Figure \(\PageIndex{1}\): Continuum of Government Control (Figure by author)

    In the Soviet system, the government dictated economic policy, rather than relying on free market mechanisms and the law of supply and demand. This required the government to intervene at all levels of the economy. The prices of goods needed to be set by the central government, the production levels of goods needed to be determined, the coordination of manufacturers and distributors was needed – everything that is traditionally accomplished through private individuals and companies in a capitalist model was the responsibility of the Soviet government.

    To coordinate such a wide array of goods and services, long-term planning was needed. The Soviet government instituted a series of five-year plans which established long-term goals and emphasized quotas for the production of goods. This system lacked flexibility, however, and was often inefficient in its production and distribution of goods.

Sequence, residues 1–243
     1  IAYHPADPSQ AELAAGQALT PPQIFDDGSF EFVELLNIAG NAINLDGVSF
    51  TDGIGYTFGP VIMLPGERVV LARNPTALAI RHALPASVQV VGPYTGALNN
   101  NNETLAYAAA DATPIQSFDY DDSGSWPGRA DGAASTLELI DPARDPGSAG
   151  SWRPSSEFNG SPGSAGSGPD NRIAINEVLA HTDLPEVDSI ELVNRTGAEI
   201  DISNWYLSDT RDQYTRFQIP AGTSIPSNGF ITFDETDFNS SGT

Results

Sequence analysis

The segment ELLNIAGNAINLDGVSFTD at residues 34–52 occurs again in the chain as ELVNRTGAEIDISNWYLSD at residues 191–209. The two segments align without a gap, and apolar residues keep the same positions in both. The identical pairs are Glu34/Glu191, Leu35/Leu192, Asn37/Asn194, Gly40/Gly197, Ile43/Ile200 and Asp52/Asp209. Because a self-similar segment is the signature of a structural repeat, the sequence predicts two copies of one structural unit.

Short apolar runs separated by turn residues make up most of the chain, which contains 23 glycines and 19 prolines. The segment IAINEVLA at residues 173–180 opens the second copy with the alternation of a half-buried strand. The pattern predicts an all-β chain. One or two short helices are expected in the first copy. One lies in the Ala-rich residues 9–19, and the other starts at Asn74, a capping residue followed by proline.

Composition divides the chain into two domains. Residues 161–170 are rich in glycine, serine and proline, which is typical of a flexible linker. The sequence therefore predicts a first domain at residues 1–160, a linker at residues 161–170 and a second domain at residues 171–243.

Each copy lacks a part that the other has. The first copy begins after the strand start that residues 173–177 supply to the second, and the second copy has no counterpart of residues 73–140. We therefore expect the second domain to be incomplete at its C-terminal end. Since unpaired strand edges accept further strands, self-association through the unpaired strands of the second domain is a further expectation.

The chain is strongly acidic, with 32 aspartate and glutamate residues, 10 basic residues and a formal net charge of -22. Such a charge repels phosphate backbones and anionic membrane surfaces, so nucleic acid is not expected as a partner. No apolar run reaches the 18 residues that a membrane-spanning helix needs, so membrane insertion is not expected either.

The Soviet government had two principle objectives: first, to accelerate industrialization, and secondly, to collectivize agriculture. The collectivization of agriculture, though intended to increase crop yields and make distribution of food more efficient, was ultimately a failure. By the early 1930s, 90 percent of agricultural land in the Soviet Union had become collectivized, meaning owned by a collection of people rather than individuals. Every element of the production of agriculture, from the tractors to the livestock, was collectivized rather than individually owned. A family could not even have its own vegetable garden. Ideally, under such a system, all farmers would work equally and would share the benefits equally.